WASHINGTON — The United States on Sunday imposed sanctions over Iran's ballistic missile testing even as President Barack Obama hailed the release of five Americans from Tehran's custody and the implementation of a nuclear deal he hopes will stand among his lasting foreign policy achievements.
Obama pledged to counter vigorously Iran's "destabilizing behavior" across the Mideast even while the U.S. engages with the Islamic Republic. After the Americans had been freed, Obama announced economic sanctions against 11 individuals and entities as a result of a ballistic missile launch in October.
"We're not going to waver in the defense of our security or that of our allies and partners," Obama said.
With the sanctions announcement, Obama also sought to counter criticism from GOP lawmakers and presidential candidates that his actions had appeased a nation that has aided the spread of Islamic extremism.
"It reflects a pattern we've seen in the Obama administration over and over again of negotiating with terrorists and making deals and trades that endanger U.S. safety and security," Sen. Ted Cruz of Texas said on Fox News Sunday.
"Our enemies now know that if you can capture an American, you can get something meaningful in exchange for it," Sen. Marco Rubio of Florida said on NBC's Meet the Press.
But Obama said he decided "that a strong confident America could advance our national security by engaging directly with the Iranian government."
Democratic lawmakers who supported the agreement applauded the sanctions announced Sunday. Five Democratic senators said in a joint letter to Obama that failure to impose the restrictions could encourage Tehran to violate international obligations with impunity.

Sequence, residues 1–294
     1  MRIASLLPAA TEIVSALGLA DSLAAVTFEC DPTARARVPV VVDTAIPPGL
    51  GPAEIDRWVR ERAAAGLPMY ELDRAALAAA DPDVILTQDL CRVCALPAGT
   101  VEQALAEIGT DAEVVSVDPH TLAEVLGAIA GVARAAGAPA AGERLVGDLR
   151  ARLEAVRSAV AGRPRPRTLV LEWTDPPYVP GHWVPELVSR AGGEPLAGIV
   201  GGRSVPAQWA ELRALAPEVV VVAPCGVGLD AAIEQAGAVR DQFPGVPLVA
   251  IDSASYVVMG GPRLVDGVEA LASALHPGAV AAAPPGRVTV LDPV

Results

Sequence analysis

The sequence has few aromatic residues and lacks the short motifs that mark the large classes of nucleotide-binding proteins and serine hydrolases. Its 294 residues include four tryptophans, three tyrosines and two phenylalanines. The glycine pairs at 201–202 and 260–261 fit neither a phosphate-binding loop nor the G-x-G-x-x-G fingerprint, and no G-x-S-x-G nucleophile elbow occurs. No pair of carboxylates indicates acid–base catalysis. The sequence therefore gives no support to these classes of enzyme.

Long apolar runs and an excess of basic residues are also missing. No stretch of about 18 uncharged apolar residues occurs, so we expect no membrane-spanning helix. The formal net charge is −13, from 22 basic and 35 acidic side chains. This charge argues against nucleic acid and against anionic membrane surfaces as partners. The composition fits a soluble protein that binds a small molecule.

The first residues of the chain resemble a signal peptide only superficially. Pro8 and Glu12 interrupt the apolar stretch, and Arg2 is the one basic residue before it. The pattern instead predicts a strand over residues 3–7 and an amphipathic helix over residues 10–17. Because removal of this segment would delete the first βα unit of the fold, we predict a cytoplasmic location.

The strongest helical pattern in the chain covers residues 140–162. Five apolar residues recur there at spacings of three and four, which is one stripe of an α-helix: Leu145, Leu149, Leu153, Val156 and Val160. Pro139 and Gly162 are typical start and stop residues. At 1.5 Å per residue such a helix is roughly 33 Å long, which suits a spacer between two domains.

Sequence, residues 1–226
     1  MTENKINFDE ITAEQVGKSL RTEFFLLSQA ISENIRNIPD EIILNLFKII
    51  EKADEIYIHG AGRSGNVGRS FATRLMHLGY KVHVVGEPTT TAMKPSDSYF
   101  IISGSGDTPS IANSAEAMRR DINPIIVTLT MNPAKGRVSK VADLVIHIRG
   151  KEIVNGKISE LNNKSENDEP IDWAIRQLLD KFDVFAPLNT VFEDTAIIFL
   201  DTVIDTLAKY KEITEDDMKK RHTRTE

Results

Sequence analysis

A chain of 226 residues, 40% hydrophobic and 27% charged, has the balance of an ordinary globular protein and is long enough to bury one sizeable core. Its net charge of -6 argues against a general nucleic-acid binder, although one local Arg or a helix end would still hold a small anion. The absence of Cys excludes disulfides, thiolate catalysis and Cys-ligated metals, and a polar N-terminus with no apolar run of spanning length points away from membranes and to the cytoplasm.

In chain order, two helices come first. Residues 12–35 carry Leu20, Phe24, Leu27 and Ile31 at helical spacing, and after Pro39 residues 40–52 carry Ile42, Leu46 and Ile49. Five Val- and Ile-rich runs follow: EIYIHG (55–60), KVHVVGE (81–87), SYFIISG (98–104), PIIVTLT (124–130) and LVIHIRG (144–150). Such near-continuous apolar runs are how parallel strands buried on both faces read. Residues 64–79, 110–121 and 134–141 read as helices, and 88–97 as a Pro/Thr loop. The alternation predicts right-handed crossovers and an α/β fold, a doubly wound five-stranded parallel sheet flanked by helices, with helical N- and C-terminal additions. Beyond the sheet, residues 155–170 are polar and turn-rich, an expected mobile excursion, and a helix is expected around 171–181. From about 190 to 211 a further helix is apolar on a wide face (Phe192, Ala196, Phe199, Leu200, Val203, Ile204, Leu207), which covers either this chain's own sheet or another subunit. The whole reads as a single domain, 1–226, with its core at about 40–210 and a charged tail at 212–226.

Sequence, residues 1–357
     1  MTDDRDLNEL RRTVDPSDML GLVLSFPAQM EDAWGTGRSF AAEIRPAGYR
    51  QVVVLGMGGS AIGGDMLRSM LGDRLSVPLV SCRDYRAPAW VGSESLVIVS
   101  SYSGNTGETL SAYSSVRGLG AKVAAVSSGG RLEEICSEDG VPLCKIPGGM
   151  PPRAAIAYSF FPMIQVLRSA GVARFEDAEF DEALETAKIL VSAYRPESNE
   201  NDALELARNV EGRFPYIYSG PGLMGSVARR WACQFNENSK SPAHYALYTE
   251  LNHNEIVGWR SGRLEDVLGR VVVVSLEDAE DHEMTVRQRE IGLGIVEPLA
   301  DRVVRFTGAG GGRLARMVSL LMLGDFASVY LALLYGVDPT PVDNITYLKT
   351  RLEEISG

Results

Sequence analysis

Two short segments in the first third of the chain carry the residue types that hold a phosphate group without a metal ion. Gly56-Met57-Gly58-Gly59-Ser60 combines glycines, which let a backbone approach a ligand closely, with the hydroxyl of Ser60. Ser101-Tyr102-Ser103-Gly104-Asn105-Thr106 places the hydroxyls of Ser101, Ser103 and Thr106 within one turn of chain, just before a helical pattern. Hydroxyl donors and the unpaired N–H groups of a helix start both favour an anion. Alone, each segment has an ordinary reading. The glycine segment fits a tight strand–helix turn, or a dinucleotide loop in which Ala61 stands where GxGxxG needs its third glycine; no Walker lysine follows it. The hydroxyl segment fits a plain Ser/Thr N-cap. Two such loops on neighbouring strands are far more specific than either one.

The Obama administration worked for nearly 14 months behind the scenes to negotiate the prisoner trade. Iran also agreed to work to locate American Robert Levinson, who vanished during a trip to Iran in 2007.
In a reciprocal move, Obama said that six Iranian-Americans and one Iranian serving sentences or awaiting trial were being granted clemency. He emphasized that they were not charged with terrorism or any violent offenses.
"They're civilians, and their release is a one-time gesture to Iran given the unique opportunity offered by this moment and the larger circumstances at play," Obama said.
Obama said the U.S and Iran had also resolved a longstanding dispute over money Iran used to buy military equipment from the U.S. before the two countries broke ties. Iran will get more than $400 million, plus $1.3 billion in interest.
The White House said its lawyers assessed that the U.S. could have faced a "significantly higher judgment" if the case continued.
"There was no benefit to the U.S. is dragging this out," Obama said.
Obama used his Sunday morning statement from the White House to speak directly to the Iranian people: "We have a rare chance to pursue a new path — a different, better future that delivers progress for both our peoples and the wider world."
Obama said Iran has a vibrant culture that has so much to contribute to the world in commerce, science and the arts, but "your government's threats and actions to destabilize your region have isolated Iran from much of the world."
The Obama administration said it was prepared to test whether additional cooperation with Iran was possible, most notably in resolving the civil war in Syria.
White House officials said during a briefing held after the president's address that Iran could play a significant role in resolving the Syrian civil war, but profound differences exist. They said Iran needs to understand the fighting won't be resolved as long as Syrian President Bashar Assad remains in power.
The officials said they know Iran is not going to dramatically change its actions in the next year or two.
"If Iran does act in a more constructive fashion, it would be a positive development in resolving difficult issues," the White House officials said. "If they don't, we will continue to enforce our sanctions and continue to have very strong differences."